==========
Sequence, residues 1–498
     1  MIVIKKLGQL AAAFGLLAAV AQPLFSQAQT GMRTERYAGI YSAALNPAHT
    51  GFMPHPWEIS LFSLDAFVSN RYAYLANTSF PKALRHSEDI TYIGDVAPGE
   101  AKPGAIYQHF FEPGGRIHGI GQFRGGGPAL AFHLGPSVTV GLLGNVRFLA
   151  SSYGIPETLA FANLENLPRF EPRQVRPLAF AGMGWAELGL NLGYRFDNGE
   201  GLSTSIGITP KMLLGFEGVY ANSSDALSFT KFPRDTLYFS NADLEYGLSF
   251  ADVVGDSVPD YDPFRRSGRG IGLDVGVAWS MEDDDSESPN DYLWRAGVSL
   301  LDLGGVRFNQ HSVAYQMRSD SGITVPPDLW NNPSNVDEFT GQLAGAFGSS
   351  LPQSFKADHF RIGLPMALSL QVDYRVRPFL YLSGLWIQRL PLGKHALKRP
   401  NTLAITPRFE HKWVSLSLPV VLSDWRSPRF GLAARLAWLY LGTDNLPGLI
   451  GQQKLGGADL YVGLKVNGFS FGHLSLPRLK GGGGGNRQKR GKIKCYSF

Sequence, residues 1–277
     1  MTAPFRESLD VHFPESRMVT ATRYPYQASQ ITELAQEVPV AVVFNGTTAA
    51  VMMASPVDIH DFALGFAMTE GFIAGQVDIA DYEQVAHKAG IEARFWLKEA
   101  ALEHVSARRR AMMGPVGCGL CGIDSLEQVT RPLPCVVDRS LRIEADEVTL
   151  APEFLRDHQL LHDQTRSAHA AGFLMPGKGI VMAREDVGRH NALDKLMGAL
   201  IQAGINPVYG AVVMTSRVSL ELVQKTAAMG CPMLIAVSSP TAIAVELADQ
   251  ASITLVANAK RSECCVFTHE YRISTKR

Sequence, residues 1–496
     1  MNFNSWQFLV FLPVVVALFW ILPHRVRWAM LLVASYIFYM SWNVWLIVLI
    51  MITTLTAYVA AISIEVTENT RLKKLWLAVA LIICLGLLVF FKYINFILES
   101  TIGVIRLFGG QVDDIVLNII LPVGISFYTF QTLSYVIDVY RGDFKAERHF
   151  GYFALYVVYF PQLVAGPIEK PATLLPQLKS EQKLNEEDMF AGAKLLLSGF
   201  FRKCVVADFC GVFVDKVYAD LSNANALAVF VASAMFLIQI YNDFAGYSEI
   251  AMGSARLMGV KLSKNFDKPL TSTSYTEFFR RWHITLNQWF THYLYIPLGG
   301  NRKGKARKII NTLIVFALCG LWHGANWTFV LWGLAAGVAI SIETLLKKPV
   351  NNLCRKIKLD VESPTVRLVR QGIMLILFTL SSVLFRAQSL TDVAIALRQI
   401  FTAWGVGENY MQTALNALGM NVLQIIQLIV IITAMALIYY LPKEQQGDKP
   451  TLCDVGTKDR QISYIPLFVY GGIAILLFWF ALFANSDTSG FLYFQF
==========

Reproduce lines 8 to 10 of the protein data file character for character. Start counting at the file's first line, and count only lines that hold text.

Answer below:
   301  LDLGGVRFNQ HSVAYQMRSD SGITVPPDLW NNPSNVDEFT GQLAGAFGSS
   351  LPQSFKADHF RIGLPMALSL QVDYRVRPFL YLSGLWIQRL PLGKHALKRP
   401  NTLAITPRFE HKWVSLSLPV VLSDWRSPRF GLAARLAWLY LGTDNLPGLI